Learning how to inlay wood with a router is the best way to add some style to your woodworking project.
If you want to apply well-executed inlays to bring out the beauty of your piece, an inlay kit can play a major and helpful role in making that task easier.
Despite the fact that you can make inlays with a fixed-base router, it’s a bit hard to do so because of the tilting required.
That’s why tight-fighting inlays are best executed with a plunge-base router.
How to Inlay Wood with a Router
First step: Setting up the router
Find the guide bushing that attaches to the router base plate on the router inlay set.
Screw the bushing to the router using the retaining ring, then press the sleeve onto the bushing to get ready to route the pocket.
After that, you set the depth of the cut. You can set your router on a couple of blocks to leave yourself some space for the bit and plunge down to allow the bit to protrude far enough to cut all the way through the inlay material.
Second step: Routing the pocket
For smaller parts, you can use double-sided tape to attach a template to your stock and to keep the stock in place as you route, secure it to the workbench.
You can even clamp it down if the workpiece is large enough.
Once the template is attached and the work secured to the bench, you’re ready to start routing.
Set the router on the template, then turn it on and plunge into the stock.
Try making shallow passes first and then plunge in the full-depth cuts once you rest assured that you will get the best results.
Moreover, before you start working with the material in the middle, route around the edges of the pocket.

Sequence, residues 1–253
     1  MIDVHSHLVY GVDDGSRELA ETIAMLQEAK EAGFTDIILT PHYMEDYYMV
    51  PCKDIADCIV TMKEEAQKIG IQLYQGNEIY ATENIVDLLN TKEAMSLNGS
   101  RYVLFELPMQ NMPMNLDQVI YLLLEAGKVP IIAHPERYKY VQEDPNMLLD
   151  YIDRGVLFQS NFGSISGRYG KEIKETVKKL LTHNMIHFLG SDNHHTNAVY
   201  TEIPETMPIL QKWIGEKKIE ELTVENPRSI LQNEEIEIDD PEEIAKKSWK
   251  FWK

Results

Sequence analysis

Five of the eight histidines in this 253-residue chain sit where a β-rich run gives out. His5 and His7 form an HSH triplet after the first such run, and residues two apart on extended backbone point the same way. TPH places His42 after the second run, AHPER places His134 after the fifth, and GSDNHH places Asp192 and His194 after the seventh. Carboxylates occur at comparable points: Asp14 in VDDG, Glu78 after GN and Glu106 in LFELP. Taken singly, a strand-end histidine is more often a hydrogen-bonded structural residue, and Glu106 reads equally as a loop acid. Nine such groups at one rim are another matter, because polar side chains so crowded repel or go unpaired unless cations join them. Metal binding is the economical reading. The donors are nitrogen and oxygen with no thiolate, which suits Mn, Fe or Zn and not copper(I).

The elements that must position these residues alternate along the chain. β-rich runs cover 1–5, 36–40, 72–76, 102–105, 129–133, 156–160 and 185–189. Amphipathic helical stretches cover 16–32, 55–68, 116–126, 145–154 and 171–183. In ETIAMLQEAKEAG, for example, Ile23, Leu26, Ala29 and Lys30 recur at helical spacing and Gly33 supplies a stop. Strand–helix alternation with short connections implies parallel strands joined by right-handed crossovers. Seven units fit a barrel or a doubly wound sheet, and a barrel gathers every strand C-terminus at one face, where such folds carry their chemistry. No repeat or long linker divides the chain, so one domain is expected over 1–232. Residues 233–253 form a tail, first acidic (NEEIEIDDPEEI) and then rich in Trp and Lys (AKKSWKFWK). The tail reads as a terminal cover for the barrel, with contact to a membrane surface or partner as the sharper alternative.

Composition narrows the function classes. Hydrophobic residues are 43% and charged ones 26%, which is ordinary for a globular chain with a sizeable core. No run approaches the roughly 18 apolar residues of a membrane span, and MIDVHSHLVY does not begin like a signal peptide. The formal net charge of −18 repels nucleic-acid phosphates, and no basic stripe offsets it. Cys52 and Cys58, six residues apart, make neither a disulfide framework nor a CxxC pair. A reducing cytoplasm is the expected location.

After you’re done with routing the pocket, take a look at your work for any places that you might have missed with the router bit and clean them up with a sharp chisel.
Then, remove the template using a putty knife. This has been well demonstrated in this video, check it out!
Third step: Routing the Inlay
Before you start routing the inlay, remove the sleeve from the guide bushing.
No other changes to the router need to be done.
Attach the template to your inlay stock with double-sided tape.
Clamping or taping some kind of backer board material underneath would be great for cutting all the way through the inlay material.
Secure the workpiece to the backer board with a double-sided table. Furthermore, under the area where the inlay will be, put some tape to guarantee that it stays in place.
Keep the guide bushing pressed firmly into the edges of the template all the time as you route the inlay.
In this where the plunge-base router is superior to the fixed-base router.
This is because, with a plunge-base router, it’s a lot easier to keep the bushing pressed against the edge of the template when you begin cutting.
Like routing the pocket, start with shallow passes then proceed to full-depth cuts.
Remove the stock and inlay with a putty knife, but be careful not to damage the inlay as you do so.
Lightly sand the back edges and round the corners to match the outline of the pocket.
Try to see if your workpiece fits well. If it doesn’t, spend some more time on the corners.
Fourth step: Assembling the Inlay
If your inlay fits well, start applying glue to the pocket and use a brush to coat the edges.
Put the inlay in the pocket and use a hammer or a mallet with a scrap block to tap it in the desired position.
Place a sheet of wax paper on top of the inlay and clamp a scrap block over the top of the work. After the glue dries, remove the clamps.
Finally, sand the inlay flush and you’re done.
Just make sure that you don’t have any small gaps. If so, you can fill them with a solvent-based putty before you finish. You can also use a soft wax-based putty after that.